Beleaguered UK Prime Minister Liz Truss said her government has a “clear plan” to fix the root cause of an energy crisis that has fueled skyrocketing inflation, in an effort to win public support for policies that prompted more than half of Britons to call for her resignation.
“I am going to do things differently. It involves difficult decisions and does involve disruption in the short term,” Truss wrote in The Sun newspaper. “Not everyone will like what we are doing, but I want to reassure the public that the Government has a clear plan that I believe is right for the country.”
Truss’s Conservative government unveiled a huge package of unfunded tax cuts a week ago, triggering a selloff in the pound and government bonds, leaving her party trailing the opposition Labour by a record distance. The government estimates that its aid package to help people with energy bills will cost £60 billion ($67 billion) over the next six months, with the program set to run for two years.
In an accompanying editorial, the Rupert Murdoch-owned Sun repeated its backing for Truss and her plan, and sought to open a new avenue of debate by tying the economy’s woes to the legacy of Tony Blair and Gordon Brown’s premierships, as well as to the ensuing three Tory prime ministers “who increasingly also believed in an ever larger State.”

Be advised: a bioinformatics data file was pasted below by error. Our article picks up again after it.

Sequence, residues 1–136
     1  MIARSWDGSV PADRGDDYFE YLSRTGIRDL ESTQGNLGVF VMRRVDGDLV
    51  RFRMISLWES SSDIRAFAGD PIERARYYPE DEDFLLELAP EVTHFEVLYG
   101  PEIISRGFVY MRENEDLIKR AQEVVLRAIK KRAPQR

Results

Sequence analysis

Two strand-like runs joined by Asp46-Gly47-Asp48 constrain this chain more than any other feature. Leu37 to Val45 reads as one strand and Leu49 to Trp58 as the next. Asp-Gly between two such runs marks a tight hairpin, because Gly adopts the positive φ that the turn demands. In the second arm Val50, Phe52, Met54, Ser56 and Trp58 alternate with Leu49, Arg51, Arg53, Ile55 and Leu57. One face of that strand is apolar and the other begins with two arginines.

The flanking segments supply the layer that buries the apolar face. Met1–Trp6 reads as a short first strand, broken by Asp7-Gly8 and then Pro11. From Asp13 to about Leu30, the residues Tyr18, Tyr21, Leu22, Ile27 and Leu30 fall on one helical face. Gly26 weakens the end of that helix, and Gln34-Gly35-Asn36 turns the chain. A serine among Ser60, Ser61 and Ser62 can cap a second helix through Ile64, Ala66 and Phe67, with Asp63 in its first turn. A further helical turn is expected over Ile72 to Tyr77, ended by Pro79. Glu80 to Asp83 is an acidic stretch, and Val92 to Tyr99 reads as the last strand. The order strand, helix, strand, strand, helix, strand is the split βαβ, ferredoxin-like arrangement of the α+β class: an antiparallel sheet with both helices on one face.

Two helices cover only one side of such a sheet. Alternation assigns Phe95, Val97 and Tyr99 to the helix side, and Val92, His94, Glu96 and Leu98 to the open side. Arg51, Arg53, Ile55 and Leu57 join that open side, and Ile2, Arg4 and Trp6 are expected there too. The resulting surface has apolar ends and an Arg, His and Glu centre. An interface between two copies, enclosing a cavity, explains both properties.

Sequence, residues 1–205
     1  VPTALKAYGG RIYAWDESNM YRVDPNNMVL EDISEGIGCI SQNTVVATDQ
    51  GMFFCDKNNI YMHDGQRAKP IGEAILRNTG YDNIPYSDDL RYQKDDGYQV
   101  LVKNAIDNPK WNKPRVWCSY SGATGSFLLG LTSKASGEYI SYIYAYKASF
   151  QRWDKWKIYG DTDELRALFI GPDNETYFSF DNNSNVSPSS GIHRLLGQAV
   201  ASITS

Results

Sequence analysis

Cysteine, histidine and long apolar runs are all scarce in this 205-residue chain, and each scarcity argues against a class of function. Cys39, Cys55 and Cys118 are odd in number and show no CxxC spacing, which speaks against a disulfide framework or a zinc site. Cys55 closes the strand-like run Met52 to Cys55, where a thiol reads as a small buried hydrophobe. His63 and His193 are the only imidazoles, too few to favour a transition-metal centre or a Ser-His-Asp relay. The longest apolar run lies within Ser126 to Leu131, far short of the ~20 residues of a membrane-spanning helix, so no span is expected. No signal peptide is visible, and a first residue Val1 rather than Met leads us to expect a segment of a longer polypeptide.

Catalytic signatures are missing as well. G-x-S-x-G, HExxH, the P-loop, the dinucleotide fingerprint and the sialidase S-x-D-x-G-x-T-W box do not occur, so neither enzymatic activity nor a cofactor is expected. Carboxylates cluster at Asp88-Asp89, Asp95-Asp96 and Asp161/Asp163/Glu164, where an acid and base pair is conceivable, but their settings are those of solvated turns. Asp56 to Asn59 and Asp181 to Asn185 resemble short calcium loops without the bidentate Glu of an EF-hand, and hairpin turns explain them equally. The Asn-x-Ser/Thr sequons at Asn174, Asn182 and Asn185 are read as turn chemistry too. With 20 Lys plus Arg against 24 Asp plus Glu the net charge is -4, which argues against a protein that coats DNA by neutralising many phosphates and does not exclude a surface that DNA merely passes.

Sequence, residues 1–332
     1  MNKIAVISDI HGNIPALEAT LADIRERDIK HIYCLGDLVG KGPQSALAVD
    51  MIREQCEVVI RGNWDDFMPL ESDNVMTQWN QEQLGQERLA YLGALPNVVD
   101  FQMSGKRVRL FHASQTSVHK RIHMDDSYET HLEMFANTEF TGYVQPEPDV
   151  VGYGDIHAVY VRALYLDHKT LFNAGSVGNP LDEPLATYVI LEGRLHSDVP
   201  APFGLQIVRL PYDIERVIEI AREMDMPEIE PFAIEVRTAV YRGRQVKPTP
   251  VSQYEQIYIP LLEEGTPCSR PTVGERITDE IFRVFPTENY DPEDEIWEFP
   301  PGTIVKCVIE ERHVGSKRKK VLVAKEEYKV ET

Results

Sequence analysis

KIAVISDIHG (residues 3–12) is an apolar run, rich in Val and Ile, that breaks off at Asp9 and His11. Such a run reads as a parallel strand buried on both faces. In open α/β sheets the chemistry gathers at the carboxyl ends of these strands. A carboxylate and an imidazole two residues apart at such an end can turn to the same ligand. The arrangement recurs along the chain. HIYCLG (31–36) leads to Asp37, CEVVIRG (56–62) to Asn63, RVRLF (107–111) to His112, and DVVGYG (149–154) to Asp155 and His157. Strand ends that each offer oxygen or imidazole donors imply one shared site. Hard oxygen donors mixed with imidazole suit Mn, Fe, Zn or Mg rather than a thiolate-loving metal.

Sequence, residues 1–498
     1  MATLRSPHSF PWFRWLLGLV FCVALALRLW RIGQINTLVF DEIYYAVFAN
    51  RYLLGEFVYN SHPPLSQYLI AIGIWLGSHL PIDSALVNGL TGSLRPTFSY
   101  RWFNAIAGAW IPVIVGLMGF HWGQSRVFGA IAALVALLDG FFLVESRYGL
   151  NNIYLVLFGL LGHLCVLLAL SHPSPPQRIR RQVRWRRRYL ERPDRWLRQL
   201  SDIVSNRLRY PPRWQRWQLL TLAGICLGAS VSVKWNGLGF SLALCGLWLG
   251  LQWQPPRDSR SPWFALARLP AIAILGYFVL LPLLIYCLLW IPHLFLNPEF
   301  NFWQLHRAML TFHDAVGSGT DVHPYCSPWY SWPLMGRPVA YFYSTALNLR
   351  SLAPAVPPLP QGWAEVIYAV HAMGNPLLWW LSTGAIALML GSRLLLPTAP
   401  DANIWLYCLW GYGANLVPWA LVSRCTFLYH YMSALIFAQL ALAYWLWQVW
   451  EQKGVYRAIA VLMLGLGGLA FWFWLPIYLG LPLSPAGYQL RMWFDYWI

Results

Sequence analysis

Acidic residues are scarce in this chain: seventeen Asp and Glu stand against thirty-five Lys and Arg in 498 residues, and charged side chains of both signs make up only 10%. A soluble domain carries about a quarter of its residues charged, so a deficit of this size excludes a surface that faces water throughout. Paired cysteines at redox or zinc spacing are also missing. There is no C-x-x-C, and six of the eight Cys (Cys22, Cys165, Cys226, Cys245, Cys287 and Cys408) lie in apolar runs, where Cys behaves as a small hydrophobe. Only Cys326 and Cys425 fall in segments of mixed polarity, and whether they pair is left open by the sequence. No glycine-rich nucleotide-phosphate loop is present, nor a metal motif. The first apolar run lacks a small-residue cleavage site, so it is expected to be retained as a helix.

Truss heads into her Conservative Party’s annual conference on Sunday with the challenge of restoring her standing among Tory MPs and persuading the financial markets that the party still stands for responsible management of the economy.
“We are cutting taxes so you keep more of the money you earn,” Truss wrote. “We will benefit tens of millions of hard-working people across the country by reversing the rise in National Insurance and cutting the basic rate of income tax next year.”
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